As noted in prior updates from Epps & Coulson, employers must also treat employee medical information confidentially. While the U.S. Equal Employment Opportunity Commission (“EEOC”) says that employers may ask about vaccination status,[3] but additional or broader employer questions, such as asking why an individual did not receive a vaccination, may elicit information about a disability and would be subject to the pertinent ADA standard that they be “job-related and consistent with business necessity.”  If an employer requires that employees provide proof that they have received a COVID-19 vaccination, the employer may want to warn the employee not to provide any other medical information as part of the proof in order to avoid implicating the ADA.

Many employers designate a key contact responsible for obtaining, confirming, and verifying vaccine information.  And, employers do not need to maintain a physical record or copy of a COVID-19 vaccination card.  Most employers only maintain a log indicating employee eligibility to be physically onsite.

Even without a vaccine, employees with applicable mask-wearing exemption status should still be granted mask exemptions (e.g. work from home, employee testing or other COVID-safe protocols).  Some employers may institute policies that allow employees to work without a mask if they either (1) provide proof of vaccination status, or (2) produce a negative COVID-19 infection test result from a health care provider at regular intervals established by the employer.  Any employees who refuse to provide a vaccination status and/or submit periodic negative test results must continue to wear a mask while in the workplace.  Employers should still require masks in the workplace for all individuals who are unvaccinated, refuse or prefer not to share vaccination status, or will not get tested.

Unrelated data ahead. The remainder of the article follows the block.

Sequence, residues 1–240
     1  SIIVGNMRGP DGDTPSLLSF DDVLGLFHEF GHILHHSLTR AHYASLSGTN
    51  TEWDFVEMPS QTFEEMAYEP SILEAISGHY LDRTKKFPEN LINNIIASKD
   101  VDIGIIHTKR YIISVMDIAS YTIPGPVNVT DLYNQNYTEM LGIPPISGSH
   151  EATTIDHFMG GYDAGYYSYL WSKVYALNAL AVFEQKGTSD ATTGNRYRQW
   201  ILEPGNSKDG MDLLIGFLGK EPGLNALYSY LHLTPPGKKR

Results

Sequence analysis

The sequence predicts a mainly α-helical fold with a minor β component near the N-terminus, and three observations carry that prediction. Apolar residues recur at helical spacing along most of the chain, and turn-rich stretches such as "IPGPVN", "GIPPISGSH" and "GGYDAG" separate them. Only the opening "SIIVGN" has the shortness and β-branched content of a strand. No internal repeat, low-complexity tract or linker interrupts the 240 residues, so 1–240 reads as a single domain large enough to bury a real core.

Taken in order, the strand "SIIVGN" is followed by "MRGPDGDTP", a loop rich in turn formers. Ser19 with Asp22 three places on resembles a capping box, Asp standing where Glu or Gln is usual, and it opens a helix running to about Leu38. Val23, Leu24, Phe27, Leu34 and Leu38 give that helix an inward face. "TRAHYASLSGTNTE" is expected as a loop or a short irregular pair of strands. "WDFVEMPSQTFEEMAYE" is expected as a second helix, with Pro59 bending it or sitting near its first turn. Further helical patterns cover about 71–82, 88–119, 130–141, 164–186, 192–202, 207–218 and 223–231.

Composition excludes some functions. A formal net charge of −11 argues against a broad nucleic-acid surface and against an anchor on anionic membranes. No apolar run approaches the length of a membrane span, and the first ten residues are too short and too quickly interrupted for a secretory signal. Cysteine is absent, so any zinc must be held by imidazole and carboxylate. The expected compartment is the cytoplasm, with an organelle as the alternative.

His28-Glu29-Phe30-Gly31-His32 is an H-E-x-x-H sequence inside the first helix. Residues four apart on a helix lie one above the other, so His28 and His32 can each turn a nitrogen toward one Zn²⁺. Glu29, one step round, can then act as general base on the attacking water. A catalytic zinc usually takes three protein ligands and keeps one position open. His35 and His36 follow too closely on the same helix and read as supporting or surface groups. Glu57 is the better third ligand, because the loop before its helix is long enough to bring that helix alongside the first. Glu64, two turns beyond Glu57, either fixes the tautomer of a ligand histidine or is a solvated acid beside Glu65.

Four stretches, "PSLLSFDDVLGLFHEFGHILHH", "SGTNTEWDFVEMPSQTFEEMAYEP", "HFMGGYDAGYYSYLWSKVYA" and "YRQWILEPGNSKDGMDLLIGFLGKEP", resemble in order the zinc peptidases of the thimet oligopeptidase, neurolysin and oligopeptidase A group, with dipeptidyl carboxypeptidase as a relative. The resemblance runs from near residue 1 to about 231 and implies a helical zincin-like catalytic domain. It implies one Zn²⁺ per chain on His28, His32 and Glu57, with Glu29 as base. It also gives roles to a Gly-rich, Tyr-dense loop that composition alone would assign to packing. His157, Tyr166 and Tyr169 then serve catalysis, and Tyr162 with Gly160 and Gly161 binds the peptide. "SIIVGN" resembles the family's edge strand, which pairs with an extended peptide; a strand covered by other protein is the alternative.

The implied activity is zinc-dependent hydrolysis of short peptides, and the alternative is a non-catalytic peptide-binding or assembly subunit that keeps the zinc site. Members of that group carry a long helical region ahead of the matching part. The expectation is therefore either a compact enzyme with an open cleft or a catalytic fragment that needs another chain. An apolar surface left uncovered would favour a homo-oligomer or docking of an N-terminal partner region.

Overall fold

Employers must also carefully establish enforcement mechanisms for their mask mandate and exemption policies to ensure that only employees eligible for mask exemptions may work without one and that violations of COVID-19 policies are fairly enforced in order to avoid workplace retaliation claims.

Protocols change frequently, especially with the accelerated COVID vaccinations.  We’ll keep you updated as matters progress, but feel free to contact us with questions.

[1] People are currently considered fully vaccinated for COVID-19 two weeks after receiving the last vaccine dose (the second one for Pfizer-BioNTech or Moderna).

[2] https://www.cdc.gov/coronavirus/2019-ncov/vaccines/fully-vaccinated.html

[3] https://www.eeoc.gov/wysk/what-you-should-know-about-covid-19-and-ada-rehabilitation-act-and-other-eeo-laws



Attorneys admitted to practice in

California, New York, Colorado, Texas and Oregon


 Information contained in this Memo is intended for informational and educational purposes only and does not constitute legal advice or opinion, nor is it a substitute for the professional judgment of an attorney.  It is considered advertising.  Epps & Coulson, LLP encourages you to call us to discuss these matters as they apply to you or your business.  For more information feel free to contact Dawn: dcoulson@eppscoulson.com.